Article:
Top concerns: Workers, technology needed

Sunday, October 4, 1998

The Cincinnati Enquirer

A dearth of qualified workers and the non-stop sprint to stay on the technology curve are top concerns of executives with companies on the 1998 Arthur Andersen Greater Cincinnati 100.

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With regional unemployment rates near historic lows, a common theme of executives of companies on the list was the lack of qualified workers, according to a survey of members.

"When you have the unemployment levels in our market," said Mike Dever, president of the Performance Automotive Network, with 1997 revenues of $257 million, "it is really good on one hand. But it makes it difficult to expand."

Technology has some obvious advantages.

"The average salesperson is selling twice as many (vehicles) as five years ago," Mr. Dever said. "It (technology) helps him keep track of his customer base."

Some companies are spurning technology because the executives believe people can do a better job.

"We do not rely on robotic-type equipment," said William E. Barrott III, president of the Aurora Casket Co. "We still believe our people are the experts when it comes to manufacturing, processing and improvements. We utilize their talents to the fullest and produce 160,000 caskets per year."

Of 730 employed at the company, he said, about 430 work in the manufacturing division.

Bob Brown, president of CBS Personnel Services, a company with 1997 revenues of $189.6 million that provides personnel staffing services as well as permanent, temporary and employee leasing, acutely feels the tight job market.

"Our costs of finding good people has tripled in the past year," he said. "Sales have gone up 20 percent to 30 percent but profit has gone down 50 percent.

"We have to spend more time and money -- keep offices open in the morning and on weekends, beat the bushes and look under rocks. God only made so many good people and sometimes it seems like they are all already working. Sometimes it seems like She is not going to make any more."

Economic naysayers were scarce among the group, with 58 percent believing that the American economic expansion would continue through the remainder of 1998 and the first of 1999.

"The economy is real good right now," said David G. Drees, president of Drees Co., a residential and commercial construction company based in Fort Mitchell that ranked fifth on the list with 1997 revenues of $341 million. "It is as good as it has ever been. Right now, people are buying houses left and right."

The survey found that 36 percent of the executives believed there would be a flat economy with one executive expecting a recession. "I think it will be a level type of year next year at the best," said William J. Yung, president of Columbia Sussex Corp. and Affiliates, a Fort Mitchell hotel developer and operator that has four full-service hotels under construction and owns four destination resorts: two in Orlando, Fla., and two in the Cayman Islands.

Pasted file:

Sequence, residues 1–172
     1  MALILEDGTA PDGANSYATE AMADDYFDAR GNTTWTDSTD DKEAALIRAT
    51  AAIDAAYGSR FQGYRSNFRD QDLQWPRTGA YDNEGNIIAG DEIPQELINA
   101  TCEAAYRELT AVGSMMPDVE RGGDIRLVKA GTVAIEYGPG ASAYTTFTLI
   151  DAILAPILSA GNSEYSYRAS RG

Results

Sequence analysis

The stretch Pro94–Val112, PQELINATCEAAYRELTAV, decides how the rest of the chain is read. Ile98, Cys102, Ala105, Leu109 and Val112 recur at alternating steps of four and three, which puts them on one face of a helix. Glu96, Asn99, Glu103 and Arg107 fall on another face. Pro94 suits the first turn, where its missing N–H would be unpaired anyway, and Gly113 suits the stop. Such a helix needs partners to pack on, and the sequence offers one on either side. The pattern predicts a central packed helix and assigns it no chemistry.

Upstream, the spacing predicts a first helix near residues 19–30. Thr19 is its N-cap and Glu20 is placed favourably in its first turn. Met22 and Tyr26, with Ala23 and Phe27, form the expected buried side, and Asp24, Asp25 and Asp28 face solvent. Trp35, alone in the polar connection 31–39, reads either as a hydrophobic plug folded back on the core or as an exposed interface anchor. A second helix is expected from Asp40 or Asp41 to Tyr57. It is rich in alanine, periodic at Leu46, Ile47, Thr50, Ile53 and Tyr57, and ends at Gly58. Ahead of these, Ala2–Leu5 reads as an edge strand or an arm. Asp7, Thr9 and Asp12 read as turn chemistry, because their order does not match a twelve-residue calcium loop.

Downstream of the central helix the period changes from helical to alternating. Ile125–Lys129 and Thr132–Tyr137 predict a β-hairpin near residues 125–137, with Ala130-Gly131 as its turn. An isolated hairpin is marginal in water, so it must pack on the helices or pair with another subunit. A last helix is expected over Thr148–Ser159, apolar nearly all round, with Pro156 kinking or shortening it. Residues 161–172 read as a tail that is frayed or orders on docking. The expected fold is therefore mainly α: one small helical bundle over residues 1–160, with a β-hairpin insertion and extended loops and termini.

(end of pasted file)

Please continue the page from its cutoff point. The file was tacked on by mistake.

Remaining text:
The company posted $350 million in revenues in 1997.

"Our business is only about 25 percent to 35 percent vacation traveling and leisure," he said. "Most is business travel. We see no increase in occupancy and increases of room rates of 7 to 8 percent."

Mr. Brown of CBS Personnel said he believed the national economy is already getting sluggish.

"Normally, companies that can best forecast the future are firms that sell large, capital-intensive products -- mold manufacturers for GM, for instance," he said.

"They usually know a year to a year-and-a-half out what the economy is going to do. If their back orders are not there, they know companies are not spending money retooling and upgrading. Today, we have that slowdown in back orders in companies in capital-expenditure areas."

Consumers drive the economy, he said, and if radio, television and newspapers focus on a perceived slowdown, consumers respond. Dennis B. Griffin, president of Griffin Industries, a recycler of food and animal by-products for the animals and pet food industries with revenues of $272.2 million in 1997, was even more direct:

"The general economy, is not, I think, as strong as we are led to believe."

Improving products or service was the most common company goal in the upcoming year, followed by technology enhancements, expansion through acquisition and creating a business succession plan. The survey also found that 85 percent of the executives were able to obtain adequate financing -- 15 percent either could not or did not respond to the question -- and 88 percent said their companies were able to keep pace with technology.

In a question with little direct relationship to regional business activities, 50 percent of the company executives gave local government a D or F grade for riverfront and downtown development.

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Top concerns: Workers, technology needed